Side Effects Of Antibiotics In Children

  • Simmi Anand MBA Healthcare Services, Sikkim Manipal University, India
  • Jasmine Le Third Year (BSc) Microbiology Student (Graduating 2025)

Antibiotics are prescribed for treating some bacterial illnesses. They won't work on viral infections such as a cold or flu. Doctors need to be cautious when prescribing antibiotics as unnecessary usage is causing antibiotic resistance. Antibiotic resistance happens when the bacteria becomes immune to the antibiotic, so the antibiotic may not help you in the future when you need it. 

Antibiotics should be used when the infection can cause serious complications, when it  might not clear on its own or if it persists. Antibiotics come in the form of tablets, capsules, liquid, sprays, drops, lotions or injections. It is essential to take all doses on time, but double doses should never be taken to compensate for a missed dose. 

Importance of antibiotics in treating infections

The antibiotic revolution started in 1928 when Sir Alexander Fleming discovered penicillin. Penicillin G, a purified form of penicillin, was available for people outside the military in 1945. This led to the beginning of the antibiotic era. Several new antibiotics were discovered and modifications were made to existing ones. Infectious diseases were successfully treated which increased the life expectancy. Prior to the discovery of antibiotics, infectious diseases such as cholera, diphtheria, typhoid, smallpox, syphilis etc. were common. These were the leading causes of death in the beginning of the 20th century. Whereas now, non-communicable diseases such as cardiac arrest, stroke and different types of cancer are the leading causes of death. 

Antibiotic resistance, also known as antimicrobial resistance (AMR), is a significant issue due to unregulated use of antibiotics. Natural resistance occurs in some types of bacteria. However, misuse of antibiotics results in bacteria becoming increasingly resistant to them.¹ 

Types of antibiotics

There are numerous antibiotics available for different diseases, but they are grouped into six main categories:

Penicillins: This group includes penicillin, amoxicillin, co-amoxiclav, flucloxacillin and phenoxymethylpenicillin. 

  • Amoxicillin: It is prescribed for dental abscess, chest infections such as pneumonia, bacterial infections and ear infections in children. Nausea and diarrhoea are the common side-effects observed
  • Co-amoxiclav: It is a mixture of amoxicillin and clavulanic acid. This antibiotic is used to treat middle ear infections, sinus infections, dental infections, urinary tract infections, joint and bone infections. Side-effects can be diarrhoea, thrush or nausea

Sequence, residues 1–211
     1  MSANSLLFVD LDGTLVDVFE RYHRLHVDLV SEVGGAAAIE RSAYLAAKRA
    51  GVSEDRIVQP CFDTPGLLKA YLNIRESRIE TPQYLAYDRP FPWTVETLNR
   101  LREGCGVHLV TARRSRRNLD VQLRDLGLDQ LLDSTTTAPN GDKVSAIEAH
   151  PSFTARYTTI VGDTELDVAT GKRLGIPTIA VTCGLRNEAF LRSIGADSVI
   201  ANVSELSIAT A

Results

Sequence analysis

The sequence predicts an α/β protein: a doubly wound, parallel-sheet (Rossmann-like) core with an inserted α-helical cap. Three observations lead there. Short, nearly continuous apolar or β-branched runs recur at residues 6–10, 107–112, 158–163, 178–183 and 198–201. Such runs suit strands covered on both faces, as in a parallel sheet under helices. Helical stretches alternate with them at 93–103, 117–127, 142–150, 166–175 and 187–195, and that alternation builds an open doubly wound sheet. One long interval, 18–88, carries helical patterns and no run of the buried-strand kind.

• Flucloxacillin: It is helpful in treating skin infections, bone infections and ear infections in children. Common side-effects are nausea and diarrhoea
  • Phenoxymethylpenicillin: It is used to treat chest infections, ear infections or throat infections. It can also be prescribed to people with sickle cell disease, rheumatic fever or in cases of spleen removal to prevent infections. Side-effects are nausea and diarrhoea

Aminoglycosides: This group of antibiotics is administered in hospitals in the form of injections or drops as they have severe side-effects. They are used to treat sepsis. Side-effects can include hearing loss and kidney damage. Gentamicin and tobramycin are included in this group of antibiotics

Cephalosporins: Cefalexin belongs to this group of antibiotics. It is used to treat bacterial infections such as pneumonia, skin infections and urinary tract infections (UTIs). It can come in the form of tablets or liquids

Tetracyclines: This group of antibiotics include doxycycline, tetracycline and lymecyclin. 

  • Doxycycline: It is used to treat chest infections, dental infections, skin infections such as rosacea and sexually transmitted infections (STIs). It is also prescribed as a prevention for malaria when travelling abroad. Side-effects can be nausea and thrush
  • Lymecyclin: It is mostly used to treat acne. It can also be used for chest, sinus infections and STIs. Side-effects include nausea, diarrhoea, headaches and stomach pain

Macrolides: This includes antibiotics such as azithromycin, erythromycin and clarithromycin 

  • Azithromycin: It is helpful in treating chest infections such as pneumonia, sinusitis, skin infections and STIs. It is also prescribed to people to prevent chest infection if they suffer frequently 
  • Erythromycin: It is used to treat ear and chest infections in kids, skin infections and STIs. Side-effects include nausea, diarrhoea and stomach pain
  • Clarithromycin: It is used to treat chest, ear and skin infections. It can be helpful in people who have an allergy to penicillin or its group of antibiotics 

Fluoroquinolones: This includes ciprofloxacin and levofloxacin.

Commonly prescribed antibiotics for children

Use of antibiotics  is common in paediatric patients, especially in the emergency department wards. A study was conducted in 2018 to identify the types of antibiotics prescribed in England. Data from The Health Improvement Network (THIN) was analysed for 2013-2015.² 

The table below summarises the number of patients per 1000 patients who were prescribed antibiotics according to their age group.

YearBelow 19 years19-64 yearsAbove 65 years
Total (%)849539 (18.6%)2241664 (49%)1483170 ( 32.4%)

This table below summarises different antibiotics prescribed in the years 2013-2015 for all prescriptions.

Antibiotic class2013 (%)2014 (%)2015 (%)
Macrolides, Lincosamides and Streptogramins13.413.513.4
Sulphonamides and Trimethoprim1111.311.2
Beta-Lactam antibacterials3.12.92.8

Side-effects of antibiotics

Antibiotics can be very beneficial in treating bacterial infections, but its use should be carefully decided. 160 observational studies were analysed for various side-effects observed after antibiotics usage.³,

  • Atopic dermatitis: Atopic dermatitis or atopic eczema causes itchy, dry and cracked skin. It is common in children. 17% of children exposed to antibiotics developed atopic dermatitis compared to 14% of children who were not exposed to antibiotics
  • Food allergies: 2.5% of children exposed to antibiotics had food allergies compared to 2.4% of children not exposed to antibiotics. The chances of getting food allergies are higher in children who are exposed to antibiotics in their first year of life compared to their second and third year